“Israel as the occupying force carries responsibility for protecting rights of Palestinians in their homes,” Safadi said in comments on state media.

Tunisia, the only Arab member of the UN Security Council, in coordination with Palestine, submitted a request to hold a session on Monday to discuss the dangerous escalation and aggressive practices of the Israeli authorities in Palestinian territories.

The request was supported by China — current president of the council — along with Norway, Ireland, Vietnam, Saint Vincent, the Grenadines and Niger.

The session will also discuss Israeli attacks against the Palestinians and their insistence on their expansionist policies, including settlement plans, demolition and dispossession of homes, displacement of Palestinian families, land grabbing, and obliterating the historical and civilizational identity of Jerusalem, the Tunisian foreign ministry said.

“These practices constitute a flagrant violation of international law, a threat to international peace and security and undermine efforts aimed at achieving a just and comprehensive peace in the region,” the ministry added.

Arab League foreign ministers announced they would hold an emergency meeting on Tuesday at Palestine’s request, which has been supported by a number of countries. 

Hossam Zaki, assistant secretary-general of the Arab League, said in a statement “the meeting will discuss Israeli crimes and attacks in the occupied city of Jerusalem, Islamic and Christian holy sites, especially Al-Aqsa Mosque, and attacks on worshipers, in addition to the brutal Israeli attacks and plans to seize the homes of Palestinian families in the Sheikh Jarrah neighborhood to empty the city of its residents and displace its people.”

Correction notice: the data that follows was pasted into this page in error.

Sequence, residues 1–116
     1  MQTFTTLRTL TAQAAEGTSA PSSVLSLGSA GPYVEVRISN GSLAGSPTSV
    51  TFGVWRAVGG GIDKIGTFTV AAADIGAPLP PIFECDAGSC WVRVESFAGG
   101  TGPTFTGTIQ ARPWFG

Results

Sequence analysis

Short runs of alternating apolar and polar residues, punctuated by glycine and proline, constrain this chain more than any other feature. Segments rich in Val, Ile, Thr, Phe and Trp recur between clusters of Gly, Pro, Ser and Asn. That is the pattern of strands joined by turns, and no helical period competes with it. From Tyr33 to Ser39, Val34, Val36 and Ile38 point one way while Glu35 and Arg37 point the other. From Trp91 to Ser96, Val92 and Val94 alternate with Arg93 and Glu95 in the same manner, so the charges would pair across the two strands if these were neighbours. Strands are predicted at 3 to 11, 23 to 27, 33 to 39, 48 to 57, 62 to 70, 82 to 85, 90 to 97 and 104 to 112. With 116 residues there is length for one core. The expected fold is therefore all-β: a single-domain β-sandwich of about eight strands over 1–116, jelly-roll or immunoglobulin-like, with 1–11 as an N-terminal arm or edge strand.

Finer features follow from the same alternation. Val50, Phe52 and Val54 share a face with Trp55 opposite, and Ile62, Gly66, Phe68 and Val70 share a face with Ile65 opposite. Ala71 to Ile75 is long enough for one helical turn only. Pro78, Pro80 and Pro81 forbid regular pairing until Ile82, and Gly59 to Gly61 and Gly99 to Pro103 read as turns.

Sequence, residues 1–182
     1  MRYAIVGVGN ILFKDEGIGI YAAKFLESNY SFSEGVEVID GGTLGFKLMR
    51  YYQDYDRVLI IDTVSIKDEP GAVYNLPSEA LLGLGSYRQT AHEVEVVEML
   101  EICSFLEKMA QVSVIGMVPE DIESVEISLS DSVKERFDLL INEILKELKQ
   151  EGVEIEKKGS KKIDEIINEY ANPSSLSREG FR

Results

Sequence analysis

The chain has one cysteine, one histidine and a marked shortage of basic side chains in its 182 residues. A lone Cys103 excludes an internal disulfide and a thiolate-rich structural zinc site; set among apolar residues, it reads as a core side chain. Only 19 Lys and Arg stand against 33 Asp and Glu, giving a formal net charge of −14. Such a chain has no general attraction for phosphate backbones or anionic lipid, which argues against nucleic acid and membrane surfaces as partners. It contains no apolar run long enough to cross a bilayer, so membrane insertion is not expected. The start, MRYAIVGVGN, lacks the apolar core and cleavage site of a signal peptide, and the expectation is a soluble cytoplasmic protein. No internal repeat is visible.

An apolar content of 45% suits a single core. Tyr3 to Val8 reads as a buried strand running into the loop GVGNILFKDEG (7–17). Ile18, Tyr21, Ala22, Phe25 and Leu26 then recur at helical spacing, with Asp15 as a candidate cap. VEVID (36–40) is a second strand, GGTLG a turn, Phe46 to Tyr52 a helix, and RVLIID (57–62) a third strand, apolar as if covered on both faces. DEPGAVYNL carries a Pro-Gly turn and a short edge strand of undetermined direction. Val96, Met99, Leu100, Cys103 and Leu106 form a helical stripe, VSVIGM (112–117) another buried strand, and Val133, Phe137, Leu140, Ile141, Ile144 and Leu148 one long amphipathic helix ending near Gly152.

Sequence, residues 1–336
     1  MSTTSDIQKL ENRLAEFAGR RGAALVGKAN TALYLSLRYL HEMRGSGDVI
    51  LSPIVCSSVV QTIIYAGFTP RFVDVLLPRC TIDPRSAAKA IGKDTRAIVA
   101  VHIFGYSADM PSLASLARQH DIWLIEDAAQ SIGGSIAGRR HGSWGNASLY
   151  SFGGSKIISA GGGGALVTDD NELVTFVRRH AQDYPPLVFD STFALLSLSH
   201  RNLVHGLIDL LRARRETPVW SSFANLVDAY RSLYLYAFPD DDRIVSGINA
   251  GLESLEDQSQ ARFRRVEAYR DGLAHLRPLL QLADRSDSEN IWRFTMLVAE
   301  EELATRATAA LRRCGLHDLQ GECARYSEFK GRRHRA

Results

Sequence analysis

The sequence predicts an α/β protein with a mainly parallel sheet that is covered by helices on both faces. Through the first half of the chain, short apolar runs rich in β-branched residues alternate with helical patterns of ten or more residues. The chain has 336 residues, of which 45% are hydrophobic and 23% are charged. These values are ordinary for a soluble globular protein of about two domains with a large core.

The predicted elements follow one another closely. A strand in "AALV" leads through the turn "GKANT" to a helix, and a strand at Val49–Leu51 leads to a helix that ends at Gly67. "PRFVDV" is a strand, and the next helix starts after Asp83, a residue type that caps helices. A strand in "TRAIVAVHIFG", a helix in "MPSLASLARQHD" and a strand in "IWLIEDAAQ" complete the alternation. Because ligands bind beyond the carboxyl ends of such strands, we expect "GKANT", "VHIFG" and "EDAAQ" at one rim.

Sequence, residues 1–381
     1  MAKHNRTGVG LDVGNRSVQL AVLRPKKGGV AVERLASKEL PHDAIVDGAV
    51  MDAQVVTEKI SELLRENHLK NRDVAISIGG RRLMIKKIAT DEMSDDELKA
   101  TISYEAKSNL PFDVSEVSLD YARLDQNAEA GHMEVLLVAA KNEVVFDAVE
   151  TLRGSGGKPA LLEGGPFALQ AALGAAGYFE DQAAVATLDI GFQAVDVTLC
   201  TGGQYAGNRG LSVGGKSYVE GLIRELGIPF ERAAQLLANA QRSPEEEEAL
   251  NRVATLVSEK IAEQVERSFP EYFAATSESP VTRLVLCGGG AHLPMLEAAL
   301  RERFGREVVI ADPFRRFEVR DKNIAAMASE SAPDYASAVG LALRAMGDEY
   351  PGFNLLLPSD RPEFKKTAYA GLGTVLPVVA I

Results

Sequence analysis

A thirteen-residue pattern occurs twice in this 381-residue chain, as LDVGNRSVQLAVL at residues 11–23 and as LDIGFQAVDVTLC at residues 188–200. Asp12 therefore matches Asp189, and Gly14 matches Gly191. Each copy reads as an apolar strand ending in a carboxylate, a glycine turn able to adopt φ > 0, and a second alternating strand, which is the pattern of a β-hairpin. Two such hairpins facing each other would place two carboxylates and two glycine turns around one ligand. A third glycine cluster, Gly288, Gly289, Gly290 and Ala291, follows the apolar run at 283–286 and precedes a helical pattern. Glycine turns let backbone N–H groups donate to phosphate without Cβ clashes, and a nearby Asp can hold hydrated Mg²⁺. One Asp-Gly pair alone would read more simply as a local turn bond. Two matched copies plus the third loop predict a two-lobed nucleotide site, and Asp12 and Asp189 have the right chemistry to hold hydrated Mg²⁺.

Zaki said the decision was taken to raise the level of the meeting to the ministerial level, instead of ambassadorial, in proportion to the “seriousness of the Israeli attacks that are part of the Zionist regime’s systematic policy to Judaize Jerusalem and change the existing legal and historical status of the city and its sanctities.”

The Arab Parliament also said it will hold an emergency session on May 19 in Cairo to discuss the same issues.

Adel bin Abdulrahman Al-Asoumi, president of the Arab Parliament, stressed the need for Israel to stop the ongoing crimes committed against the Palestinian people, and support all their rights, foremost of which is the establishment of an independent Palestinian state, with east Jerusalem as its capital.

The Organization of Islamic Cooperation is also set to hold an emergency session on Tuesday. 

Dozens of Palestinians and several Israeli police officers have been wounded in clashes in recent days in east Jerusalem’s Sheikh Jarrah neighborhood, the scene of a long-running land dispute and located a short walk from flashpoint holy sites.

The case dates back to before the creation of the state of Israel, when a small Jewish community lived in Sheikh Jarrah.
After Israel’s independence and the 1948 war with its Arab neighbors, east

Jerusalem came under the control of Jordan.
Many refugees settled in the district after fleeing Zionist forces in other parts of what was now Israel.

Israel then seized east Jerusalem in the 1967 Six Day War and later annexed it.

Early this year, the Jerusalem district court ruled in favor of Jewish settlers who laid claim to land in the Sheikh Jarrah district, now home to around 30 Palestinians from four families.

Palestinians argue that discriminatory laws mean they are unable to claim back their properties inside what is now Israel.
The Palestinian families’ lawyer, Hosni Abu Hussein, also accused the settlers of fraud.

“The registration of the lands in the name of the settlement association took place through fraud and deception, in collusion with the commissioner of public properties and the registrar of Israeli lands,” he told AFP.

The dispute, in a strategic location close to Jerusalem’s Old City, has added fuel to tensions around the nearby Al-Aqsa mosque, Islam’s third-holiest mosque, during the Muslim holy month of Ramadan. 

Hamas in Gaza have threatened attacks against Israel if the high-profile case goes against the Palestinian families.